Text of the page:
Isaiah 5:20 says, “Woe unto them that call evil good, and good evil; that put darkness for light, and light for darkness; that put bitter for sweet, and sweet for bitter!” Without a doubt we live in a world that would make sin appear palatable so that the masses would swallow it whole. This is, in fact, the very goal of Satan himself. He deceived Eve at the beginning and he continues to deceive today.

So what is deceptive about “Free Union?” “Free Union” is what the non-Christian people in Costa Rica refer to what we would call “living together” or “living in sin.” But “free union” certainly doesn’t sound like such a bad concept upon the surface of it. In fact it sounds pretty good, and herein ought to be the warning for us. Just because something sounds good or looks good, doesn’t necessarily meant that it is. Even Satan would change himself to appear as an angel of light if he thought that it would advance his cause (2 Cor. 11:14).

Let us take warning and be sure that we give ourselves to things that we know are right (Phil. 4:8); things that we find approved within the word of God (Col. 3:17). Let’s make an effort to avoid trying to have our ears scratched with soothing words (Isaiah 30:10). The alternative, of course, is to have the honestly to grapple with our own failures and seek the appropriate changes in our life regardless of how difficult it may be.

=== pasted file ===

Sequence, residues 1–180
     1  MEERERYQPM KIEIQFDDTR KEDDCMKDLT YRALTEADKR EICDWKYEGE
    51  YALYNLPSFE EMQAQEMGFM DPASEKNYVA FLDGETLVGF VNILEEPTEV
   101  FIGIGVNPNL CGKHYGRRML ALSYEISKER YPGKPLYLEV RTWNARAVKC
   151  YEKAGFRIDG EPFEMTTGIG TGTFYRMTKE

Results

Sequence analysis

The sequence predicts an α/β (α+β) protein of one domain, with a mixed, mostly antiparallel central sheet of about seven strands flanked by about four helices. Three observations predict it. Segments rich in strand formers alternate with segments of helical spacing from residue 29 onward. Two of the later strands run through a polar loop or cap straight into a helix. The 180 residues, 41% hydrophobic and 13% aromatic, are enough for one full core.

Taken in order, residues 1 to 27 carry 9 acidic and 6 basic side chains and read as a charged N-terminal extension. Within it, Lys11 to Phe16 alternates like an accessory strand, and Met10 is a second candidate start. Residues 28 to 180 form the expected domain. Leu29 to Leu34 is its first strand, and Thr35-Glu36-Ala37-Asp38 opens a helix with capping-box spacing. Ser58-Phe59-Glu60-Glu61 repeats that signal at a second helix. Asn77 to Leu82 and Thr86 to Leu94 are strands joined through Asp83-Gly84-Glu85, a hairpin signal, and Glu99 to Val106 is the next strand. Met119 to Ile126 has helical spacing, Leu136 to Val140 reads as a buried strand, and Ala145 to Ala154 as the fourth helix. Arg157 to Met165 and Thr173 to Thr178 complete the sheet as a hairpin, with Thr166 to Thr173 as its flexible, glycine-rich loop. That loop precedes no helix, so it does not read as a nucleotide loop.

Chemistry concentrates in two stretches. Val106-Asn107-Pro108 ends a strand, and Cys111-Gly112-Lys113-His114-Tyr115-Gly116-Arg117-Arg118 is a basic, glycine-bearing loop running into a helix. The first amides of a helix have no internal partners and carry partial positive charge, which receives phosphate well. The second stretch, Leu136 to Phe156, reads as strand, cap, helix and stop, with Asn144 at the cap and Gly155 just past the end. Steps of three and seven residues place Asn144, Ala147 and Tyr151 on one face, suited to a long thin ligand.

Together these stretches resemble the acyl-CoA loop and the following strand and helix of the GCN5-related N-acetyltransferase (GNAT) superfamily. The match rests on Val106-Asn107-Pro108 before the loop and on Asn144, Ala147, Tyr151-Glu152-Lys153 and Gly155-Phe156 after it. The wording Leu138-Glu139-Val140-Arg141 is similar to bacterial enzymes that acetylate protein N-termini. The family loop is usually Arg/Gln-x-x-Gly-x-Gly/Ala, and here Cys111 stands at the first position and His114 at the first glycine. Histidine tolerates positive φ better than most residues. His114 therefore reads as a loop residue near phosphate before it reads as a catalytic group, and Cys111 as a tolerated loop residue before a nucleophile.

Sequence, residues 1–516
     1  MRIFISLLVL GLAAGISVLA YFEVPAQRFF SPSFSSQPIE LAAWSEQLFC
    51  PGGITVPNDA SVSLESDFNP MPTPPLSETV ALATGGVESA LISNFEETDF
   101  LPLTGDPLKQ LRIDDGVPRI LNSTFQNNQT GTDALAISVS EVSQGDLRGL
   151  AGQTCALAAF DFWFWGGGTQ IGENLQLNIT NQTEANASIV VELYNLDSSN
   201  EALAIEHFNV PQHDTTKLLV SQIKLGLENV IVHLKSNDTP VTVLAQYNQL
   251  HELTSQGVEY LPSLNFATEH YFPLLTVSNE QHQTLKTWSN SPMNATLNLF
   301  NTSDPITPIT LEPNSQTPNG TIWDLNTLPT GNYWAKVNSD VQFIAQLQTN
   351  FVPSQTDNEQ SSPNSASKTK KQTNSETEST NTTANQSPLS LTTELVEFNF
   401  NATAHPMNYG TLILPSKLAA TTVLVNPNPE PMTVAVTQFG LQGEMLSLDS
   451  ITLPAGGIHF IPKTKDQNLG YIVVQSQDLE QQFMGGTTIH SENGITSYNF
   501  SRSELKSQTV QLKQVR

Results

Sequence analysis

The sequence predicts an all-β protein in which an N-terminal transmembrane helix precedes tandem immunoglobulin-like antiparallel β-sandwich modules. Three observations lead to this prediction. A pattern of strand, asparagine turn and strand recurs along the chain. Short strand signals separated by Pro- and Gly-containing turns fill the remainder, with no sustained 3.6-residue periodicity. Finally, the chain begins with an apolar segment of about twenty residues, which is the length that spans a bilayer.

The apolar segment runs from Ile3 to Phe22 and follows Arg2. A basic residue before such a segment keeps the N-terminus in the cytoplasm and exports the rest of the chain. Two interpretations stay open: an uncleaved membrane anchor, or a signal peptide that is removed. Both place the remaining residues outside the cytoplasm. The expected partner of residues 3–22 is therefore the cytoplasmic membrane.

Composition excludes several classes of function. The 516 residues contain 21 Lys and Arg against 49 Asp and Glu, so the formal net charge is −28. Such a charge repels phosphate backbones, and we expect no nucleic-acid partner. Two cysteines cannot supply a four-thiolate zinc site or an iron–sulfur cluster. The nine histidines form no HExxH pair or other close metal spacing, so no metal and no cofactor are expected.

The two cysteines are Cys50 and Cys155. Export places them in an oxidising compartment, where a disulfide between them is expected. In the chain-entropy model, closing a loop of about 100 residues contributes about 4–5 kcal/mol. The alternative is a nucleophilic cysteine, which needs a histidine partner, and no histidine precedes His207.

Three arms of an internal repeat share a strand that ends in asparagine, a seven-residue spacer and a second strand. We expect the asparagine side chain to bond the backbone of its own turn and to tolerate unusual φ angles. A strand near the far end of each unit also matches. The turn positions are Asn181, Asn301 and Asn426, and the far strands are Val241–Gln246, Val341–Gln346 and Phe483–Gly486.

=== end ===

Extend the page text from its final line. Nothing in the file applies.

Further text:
Which will we choose? Deceptive words which make us feel good? Or words of truth and sobriety that cause us to examine our lives? Would to God that we choose the later because the situation that sin presents to us is anything but free and united.